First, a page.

From the Archives: Filson Wool Jacket

March 15th, 2013
Thanks to CC Filson for providing me with this archival scan of the original Filson Wool Sports Jacket.  As someone who has worn Filson for twenty years, I can spot a Cruiser, Cape Coat or Packer just by catching a glimpse of a pocket configuration, fabric type or design detail.  In contrast, the Filson Wool Sports Jacket is an enigmatic Filson model which comes from an era in the 1980s when the company was experimenting with a line of leisure, non hunting apparel.  If you spotted this jacket at a thrift store you might not even identifying it as a Filson.  I myself was thrown off by the heathered brown wool, satin lining and leather buttons –  features more characteristic of a department store car coat. 

Archival Resolutions 2013

December 31st, 2012
1.  Decide that quality matters and pay for it.  In the end, it will save you time and money.

2.  Before you buy, be selective.  Scrutinize items for build quality, fit,  finish, functionality and lasting style.   If an item is not perfect,  catch and release it.
3. Do more with less.  Add a few key pieces to your wardrobe and wear them until they dissolve.
4. Shop from yourself and from thrift shops. Repurpose strategic items from the past.
5. Support apparel companies that manufacture their products in the US.  Buy products still proudly made in their traditional country of origin.
6.  Contact manufacturers and let them know what they should offer.  If  you’re a woman and you love classic heritage styles, ask them to offer their products in your size.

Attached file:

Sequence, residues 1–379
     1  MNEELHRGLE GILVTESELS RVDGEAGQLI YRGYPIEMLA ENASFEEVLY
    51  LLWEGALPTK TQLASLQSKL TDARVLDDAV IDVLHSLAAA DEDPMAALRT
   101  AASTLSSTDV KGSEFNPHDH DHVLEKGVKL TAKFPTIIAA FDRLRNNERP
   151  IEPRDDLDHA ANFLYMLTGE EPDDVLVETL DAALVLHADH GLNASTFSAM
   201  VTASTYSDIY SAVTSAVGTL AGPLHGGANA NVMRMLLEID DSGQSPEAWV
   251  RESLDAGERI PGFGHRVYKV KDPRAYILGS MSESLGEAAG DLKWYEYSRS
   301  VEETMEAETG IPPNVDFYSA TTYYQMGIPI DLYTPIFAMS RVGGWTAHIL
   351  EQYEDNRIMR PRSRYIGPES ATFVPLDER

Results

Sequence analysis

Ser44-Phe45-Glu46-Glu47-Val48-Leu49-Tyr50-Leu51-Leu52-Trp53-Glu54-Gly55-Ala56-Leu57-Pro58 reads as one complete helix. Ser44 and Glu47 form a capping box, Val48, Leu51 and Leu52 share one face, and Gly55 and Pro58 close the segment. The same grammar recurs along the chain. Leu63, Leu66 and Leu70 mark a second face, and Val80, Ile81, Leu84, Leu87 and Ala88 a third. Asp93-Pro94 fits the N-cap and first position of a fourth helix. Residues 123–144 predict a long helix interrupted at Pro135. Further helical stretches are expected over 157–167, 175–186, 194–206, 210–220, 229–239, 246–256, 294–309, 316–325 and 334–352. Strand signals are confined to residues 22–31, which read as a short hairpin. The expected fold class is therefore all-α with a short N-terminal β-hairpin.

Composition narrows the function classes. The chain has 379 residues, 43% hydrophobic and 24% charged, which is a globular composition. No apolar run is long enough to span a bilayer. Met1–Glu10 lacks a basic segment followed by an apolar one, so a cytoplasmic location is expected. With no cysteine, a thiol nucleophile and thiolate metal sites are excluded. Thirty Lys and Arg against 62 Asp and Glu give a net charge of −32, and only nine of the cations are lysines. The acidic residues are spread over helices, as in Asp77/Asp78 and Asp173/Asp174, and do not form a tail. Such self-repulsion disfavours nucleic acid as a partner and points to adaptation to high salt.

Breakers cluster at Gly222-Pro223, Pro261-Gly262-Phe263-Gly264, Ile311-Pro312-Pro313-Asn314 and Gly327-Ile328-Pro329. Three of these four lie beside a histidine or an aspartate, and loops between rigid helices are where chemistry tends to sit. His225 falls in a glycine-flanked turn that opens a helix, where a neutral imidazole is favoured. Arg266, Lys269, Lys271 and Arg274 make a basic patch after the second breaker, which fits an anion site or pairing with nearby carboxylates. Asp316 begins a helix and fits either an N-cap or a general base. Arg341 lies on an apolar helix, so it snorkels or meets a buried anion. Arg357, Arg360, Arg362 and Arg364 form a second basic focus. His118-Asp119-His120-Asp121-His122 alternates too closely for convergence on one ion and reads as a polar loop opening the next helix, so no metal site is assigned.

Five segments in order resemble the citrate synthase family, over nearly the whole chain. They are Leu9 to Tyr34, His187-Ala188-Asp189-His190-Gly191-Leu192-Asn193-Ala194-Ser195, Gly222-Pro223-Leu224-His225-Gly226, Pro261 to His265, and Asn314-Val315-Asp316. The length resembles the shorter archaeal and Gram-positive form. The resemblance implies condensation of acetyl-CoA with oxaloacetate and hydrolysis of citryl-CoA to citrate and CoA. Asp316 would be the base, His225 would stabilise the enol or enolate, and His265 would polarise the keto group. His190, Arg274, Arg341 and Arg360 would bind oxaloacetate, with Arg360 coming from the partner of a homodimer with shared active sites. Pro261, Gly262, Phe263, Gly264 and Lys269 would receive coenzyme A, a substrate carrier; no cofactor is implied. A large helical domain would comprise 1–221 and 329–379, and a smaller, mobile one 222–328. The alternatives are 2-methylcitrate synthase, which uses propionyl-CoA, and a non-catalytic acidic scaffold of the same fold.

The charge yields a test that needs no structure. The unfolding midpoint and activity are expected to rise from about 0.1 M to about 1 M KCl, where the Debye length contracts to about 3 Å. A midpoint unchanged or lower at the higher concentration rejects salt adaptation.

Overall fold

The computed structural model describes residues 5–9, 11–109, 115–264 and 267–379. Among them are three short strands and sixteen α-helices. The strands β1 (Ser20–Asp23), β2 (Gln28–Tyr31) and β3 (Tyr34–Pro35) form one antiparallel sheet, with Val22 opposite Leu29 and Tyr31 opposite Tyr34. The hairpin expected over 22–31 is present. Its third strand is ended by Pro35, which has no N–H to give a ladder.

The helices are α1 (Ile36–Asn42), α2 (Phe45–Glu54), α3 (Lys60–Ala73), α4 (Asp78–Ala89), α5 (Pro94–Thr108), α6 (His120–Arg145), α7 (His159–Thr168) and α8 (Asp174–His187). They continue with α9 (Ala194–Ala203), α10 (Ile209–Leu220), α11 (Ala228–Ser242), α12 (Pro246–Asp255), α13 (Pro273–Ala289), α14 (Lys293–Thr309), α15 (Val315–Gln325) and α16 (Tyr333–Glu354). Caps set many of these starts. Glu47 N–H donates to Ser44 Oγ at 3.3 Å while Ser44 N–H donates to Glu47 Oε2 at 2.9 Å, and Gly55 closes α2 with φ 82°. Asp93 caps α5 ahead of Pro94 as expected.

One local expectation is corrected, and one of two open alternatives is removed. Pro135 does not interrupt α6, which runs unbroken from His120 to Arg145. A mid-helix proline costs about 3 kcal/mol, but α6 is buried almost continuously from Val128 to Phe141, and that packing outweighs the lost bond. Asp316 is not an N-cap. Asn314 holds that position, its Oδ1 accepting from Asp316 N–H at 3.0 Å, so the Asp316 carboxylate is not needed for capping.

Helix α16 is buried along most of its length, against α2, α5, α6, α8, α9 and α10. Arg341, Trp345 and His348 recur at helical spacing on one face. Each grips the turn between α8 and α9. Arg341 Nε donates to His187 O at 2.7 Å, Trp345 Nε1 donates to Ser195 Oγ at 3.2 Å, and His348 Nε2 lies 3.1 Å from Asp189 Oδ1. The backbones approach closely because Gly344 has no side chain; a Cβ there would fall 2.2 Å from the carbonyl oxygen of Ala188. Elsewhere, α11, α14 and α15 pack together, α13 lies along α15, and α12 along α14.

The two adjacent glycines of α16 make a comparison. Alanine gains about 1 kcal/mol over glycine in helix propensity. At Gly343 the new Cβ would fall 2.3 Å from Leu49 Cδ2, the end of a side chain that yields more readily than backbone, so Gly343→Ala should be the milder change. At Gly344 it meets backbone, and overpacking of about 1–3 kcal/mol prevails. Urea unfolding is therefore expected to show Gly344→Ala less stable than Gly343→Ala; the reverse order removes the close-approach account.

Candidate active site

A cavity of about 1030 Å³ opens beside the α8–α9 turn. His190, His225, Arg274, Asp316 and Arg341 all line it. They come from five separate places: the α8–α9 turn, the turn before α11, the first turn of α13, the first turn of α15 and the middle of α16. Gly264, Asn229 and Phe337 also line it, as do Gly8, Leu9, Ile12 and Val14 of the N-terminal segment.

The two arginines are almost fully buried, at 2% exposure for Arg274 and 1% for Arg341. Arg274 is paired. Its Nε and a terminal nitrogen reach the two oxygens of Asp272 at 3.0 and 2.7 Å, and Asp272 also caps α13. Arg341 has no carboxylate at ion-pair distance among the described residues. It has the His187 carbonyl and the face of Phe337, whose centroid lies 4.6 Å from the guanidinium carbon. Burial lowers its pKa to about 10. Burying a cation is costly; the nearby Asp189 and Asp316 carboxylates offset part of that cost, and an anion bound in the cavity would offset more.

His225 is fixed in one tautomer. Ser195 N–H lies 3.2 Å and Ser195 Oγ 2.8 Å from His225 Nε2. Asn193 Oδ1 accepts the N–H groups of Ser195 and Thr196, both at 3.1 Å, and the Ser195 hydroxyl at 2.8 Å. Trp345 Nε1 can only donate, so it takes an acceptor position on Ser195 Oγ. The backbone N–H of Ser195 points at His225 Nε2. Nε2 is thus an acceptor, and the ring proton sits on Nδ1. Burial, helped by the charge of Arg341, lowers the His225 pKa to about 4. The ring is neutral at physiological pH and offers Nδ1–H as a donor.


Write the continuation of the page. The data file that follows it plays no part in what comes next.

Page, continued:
7. Find out what products are manufactured in your region.  Visit factories and publish reports.
8.  Wear wool and linen year round.  Experiment with summer weight woolens, and heavier linens.
9. Come up with a signature uniform.  Wear it once a week.
10. Read historical newspapers and magazines.  Learn about lost brands, fashions, and manufacturing traditions.

Archival Dirigibles

December 21st, 2012
 Photograph of the nose of the USS Akron being attached
  Sailor at the Bow Mooring Post
 Emergency Control Station 
 Navigation Room 
 Crew Bunks
 Catwalk on the USS Akron
 USS Akron in the Goodyear-Zeppelin Dock
From the US National Archives, here are some photographs submitted to the 1933 Joint Congressional Committee to investigate dirigible disasters.  According to the Archives, “the Joint Committee to Investigate Dirigible Disasters was created to investigate the cause of the USS Akron disaster and the wrecks of other Army and Navy dirigibles and to determine responsibility.”  Seventy plus years later, these images no longer read as evidence from a disaster report, but rather, lovely snaps of a lost transportation and housing system.  Not pictured – dirigible kitchens and close up views of air ship appliances and leisure time.

Wishful Shopping – Analog Edition

December 14th, 2012

Here are some analog items that I wish I were buying as gifts (or, in a true Christmas miracle, unwrapping myself).  Since many of these artifacts are out of production or difficult to source,  I  recommend that you print out the images below and create your own wishful tree ornaments.